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Harnessing ICT systems for managing natural disaster

04 November 2009

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The power of ICT in engaging ordinary people to channelise information will bridge the gap between help-seeker and help-giver, writes Aparna Ray. Online database and community-based ICT systems can greatly minimise emergency response time.

What is disaster management? What are the various stages that it involves? The terminology may differ depending on where you are.

In New Zealand, for example, you would be talking of the 4R’s, namely Readiness, Response, Recovery and Reduction. In other places, such as India, it could be Preparedness, Response, Recovery and Mitigation.

Whatever the terminology, today it is an undeniable truth that the need of the hour is effective disaster management and preparation for a growing incidence, worldwide, of different forms of natural disasters.

In a series of posts, we shall trace and examine the increasing role and impact of ICTs in the area of disaster management.

Nobel Laureate R.K. Pachauri, while addressing the 5th convocation of the Dhirubhai Ambani Institute of Information and Communication Technology (DA-IICT) in January 2009, highlighted the need for ICTs in dealing with natural disasters and other weather-related events that pose a threat to human life and property.

UN Secretary-General Ban Ki-moon, speaking at the Telecom World 2009 in Geneva, also highlighted the role of ICTs in addressing key issues, including natural disaster reduction.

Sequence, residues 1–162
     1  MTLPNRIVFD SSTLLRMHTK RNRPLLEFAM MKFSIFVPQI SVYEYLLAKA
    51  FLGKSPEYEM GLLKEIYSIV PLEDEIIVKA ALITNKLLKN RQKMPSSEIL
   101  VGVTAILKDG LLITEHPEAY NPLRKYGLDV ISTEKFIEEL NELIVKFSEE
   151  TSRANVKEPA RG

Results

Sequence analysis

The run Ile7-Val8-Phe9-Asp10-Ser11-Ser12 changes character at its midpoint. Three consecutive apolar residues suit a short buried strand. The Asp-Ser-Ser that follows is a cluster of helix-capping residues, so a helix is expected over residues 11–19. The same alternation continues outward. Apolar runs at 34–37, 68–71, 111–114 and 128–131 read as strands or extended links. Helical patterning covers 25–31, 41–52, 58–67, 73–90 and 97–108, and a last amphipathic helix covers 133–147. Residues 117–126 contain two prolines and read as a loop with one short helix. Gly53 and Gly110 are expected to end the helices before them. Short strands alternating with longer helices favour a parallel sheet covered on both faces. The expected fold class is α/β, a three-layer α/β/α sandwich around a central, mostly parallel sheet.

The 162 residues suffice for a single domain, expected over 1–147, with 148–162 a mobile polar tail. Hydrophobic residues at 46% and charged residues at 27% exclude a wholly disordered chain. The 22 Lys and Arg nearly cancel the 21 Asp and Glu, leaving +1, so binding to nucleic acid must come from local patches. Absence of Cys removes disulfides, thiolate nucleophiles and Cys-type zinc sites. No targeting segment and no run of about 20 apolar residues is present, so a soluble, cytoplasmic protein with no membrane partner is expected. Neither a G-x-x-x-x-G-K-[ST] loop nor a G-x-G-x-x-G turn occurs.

The UN Secretary-General’s statement echoes the paradigm shift in Disaster Management mentioned in the 2005 presentation by Sujit Mohanty, namely:

  • From relief and recovery to risk & vulnerability management;
  • Introducing culture of preparedness at all levels
    Strengthen decentralised response capacity in the country;
  • Empowerment of vulnerable groups and ensuring livelihoods;
  • Learning from past disasters.

In the aftermaths of large-scale natural calamities such as the 2004 Indian Ocean tsunami and Hurricane Katrina in 2005, the world was forced to wake up to the need for coordinated and collaborative harnessing of the power of ICT systems in managing natural disasters.

Paul Currion in goes on to talk about the “first responders of the wired world”, netizens who spring to action to fill in information gaps that the governments of the respective countries and even the traditional media often struggle to fill.

However, given the high influx of information post-Katrina, it was soon apparent that multiple data streams would be more effective if they were collated, consolidated and served from a more centralised platform. Thus we saw initiatives such as the Katrina PeopleFinder Project and the Katrina Help Wiki come into play.

"In India, the 2004 tsunami was a clarion call for the government, NGOs and the civil society to effect a paradigm shift"